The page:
"There simply is not mountains and mountains of evidence to say that if countries get their fertility rates down to the twos and the threes, all of the sudden you're going to just explode [economically]," she said.  

Nigeria, the country in Africa with the highest GDP, has the 12th-highest fertility rate in the world, with a TFR of 5.07. South Africa, which has the second-highest GDP on the continent, has a much lower fertility rate of 2.29.

Pakaluk told CNA that she was unhappy that Macron compared forced child marriage, which is “not something Christians could get behind or agree with,” to having large families.

She theorized that Macron’s views were similar to those of the Gates Foundation, which considers population growth to be a barrier to economic growth.

She expressed concern that this viewpoint could be used to force contraception on African women, “regardless of whether they are asking for this.”

“And I think that’s false, because other countries have grown quickly with a TFR in the range that [African countries] are in.”

While most social conservatives do not oppose the availability of contraception, she said, “what they’re against is kind of an aggressive policy” that wastes time and money that could be spent on other developmental programs.

Additionally, Pakaluk said that providing contraception to girls who were forced into marriage in their preteens “isn’t going to help” their situations. Instead, she suggested that more efforts be focused on opposing the cultural norms that approve of these situations.

She is also concerned that “an era of cheap and widely-available contraception,” in which it is easy for people to pick the size of their families, people are choosing to have fewer and fewer children.

Pakaluk lamented declining fertility rates in other parts of the world, mentioning especially Europe.

While France is home to Europe’s highest TFR at 1.96, it is still below the population replacement-level rate of 2.1. This is cause for concern for Pakaluk, who warned that the low birth rates would spell disaster for the continent’s extensive social programs.

She is also concerned that the anti-child mentality is a sign of bigger problems.

"People don't have kids to save their countries from demographic winter,” she said.

“They have kids because of a certain attitude towards meaning and the meaning of life and what it means to live a good human life."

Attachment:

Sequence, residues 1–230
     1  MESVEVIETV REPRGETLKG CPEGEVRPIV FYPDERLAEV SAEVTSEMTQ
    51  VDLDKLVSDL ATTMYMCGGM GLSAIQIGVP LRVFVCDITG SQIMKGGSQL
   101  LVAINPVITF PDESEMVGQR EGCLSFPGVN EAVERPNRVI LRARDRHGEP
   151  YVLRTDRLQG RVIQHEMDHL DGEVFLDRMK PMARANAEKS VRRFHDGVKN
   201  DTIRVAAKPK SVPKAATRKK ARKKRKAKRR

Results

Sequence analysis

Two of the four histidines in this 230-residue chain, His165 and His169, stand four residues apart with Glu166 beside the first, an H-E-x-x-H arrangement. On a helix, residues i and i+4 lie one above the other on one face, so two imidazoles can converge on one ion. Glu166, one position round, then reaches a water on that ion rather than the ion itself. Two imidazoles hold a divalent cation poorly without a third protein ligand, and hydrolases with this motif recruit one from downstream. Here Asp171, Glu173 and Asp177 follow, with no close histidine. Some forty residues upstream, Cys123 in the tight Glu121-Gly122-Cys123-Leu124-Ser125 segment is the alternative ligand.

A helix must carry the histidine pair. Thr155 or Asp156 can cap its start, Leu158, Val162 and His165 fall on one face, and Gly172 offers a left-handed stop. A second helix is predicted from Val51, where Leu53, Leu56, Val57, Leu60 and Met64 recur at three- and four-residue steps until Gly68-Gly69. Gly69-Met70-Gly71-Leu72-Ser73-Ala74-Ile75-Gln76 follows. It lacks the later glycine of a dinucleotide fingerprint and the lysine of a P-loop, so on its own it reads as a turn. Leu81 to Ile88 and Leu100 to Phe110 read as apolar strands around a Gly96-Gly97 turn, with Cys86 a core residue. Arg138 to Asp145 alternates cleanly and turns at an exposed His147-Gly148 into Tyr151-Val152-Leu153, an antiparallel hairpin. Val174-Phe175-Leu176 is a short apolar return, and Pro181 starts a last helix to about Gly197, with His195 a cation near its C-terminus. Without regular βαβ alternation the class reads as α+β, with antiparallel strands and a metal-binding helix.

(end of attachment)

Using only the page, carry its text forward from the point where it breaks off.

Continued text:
Nepal says 'no' to online porn

Kathmandu, Nepal, Oct 19, 2018 / 07:10 pm (CNA).- Nepal has introduced a ban on pornography as part of a government initiative to stem the country’s high rate of sexual assault.  

By Oct. 14, internet providers in Nepal had already blocked more than 25,000 pornographic websites. Unlike the country’s attempt to ban X-rated material in 2010, this ban will instill fines and prison sentences for violators.

According to the Associated Press, internet providers who do not comply with pornography ban could be fined up to $4,200 or lose their licenses. Under the ban, pornography cannot be broadcasted or publicized; violators could face one year in prison.

Nepal has 115 internet service providers, all of which have reportedly been contacted about the law.

Dr. John Foubert, an expert on sexual assault prevention at Oklahoma State University, has written recently that pornography can be a catalyst for sexual violence. The violent content now rampant in pornographic material is influencing the formation of young minds, he says.

“Pornography itself is a recipe for rape that has rewritten the sexual script for the sexual behavior of the millennial generation and is currently rewiring the brains of the generation to follow,” he wrote in a 2017 paper published in Dignity: A Journal on Sexual Violence and Exploitation.

“Research of popular pornography films found that in 88% of the scenes…there was verbal or physical aggression, usually toward a woman. The more interesting finding is that 95% of the time when someone is violent with another person in porn, usually a man toward a woman, the recipient is shown as either liking that violence or having no objection.”

Rape in Nepal has increased dramatically in the last decade. The Nepali Times stated that there were 1,131 reported rapes in 2016-2017, a nearly 300 percent increase from the fewer that 400 accounts of reported rape in 2008. 26.4 million people live in the country.

Access to the internet in Nepal has also risen significantly since the early 2000s. There were almost 5 million people in the country with internet access in 2016, up from 523,876 in 2009.

Critics of the law have noted that there is too much pornography online for it to be blocked completely. According to the New York Times, the managing director of Vianet Communications, Binay Bohra, called it an impossible task, noting there are millions of websites to block.

Alex Hawkins, a spokesperson for xHamster, one of the already blocked sites, told the New York Times that the website’s traffic in the country, which had dropped heavily last week, has already rebounded to its normal use.

Nepal failed to implement its porn laws in 2010 because police forces and internet providers eventually relaxed on its enforcement. However, the anti-porn nonprofit Fight the New Drug, said it is valuable for any country to emphasize the connection between porn and sexual violence.

“Whether you support this recent move by the Nepali government or not, their move gives visibility to the ways that porn and violence are linked.”

 

Are you ready for the March for Life? Organizers announce 2019 theme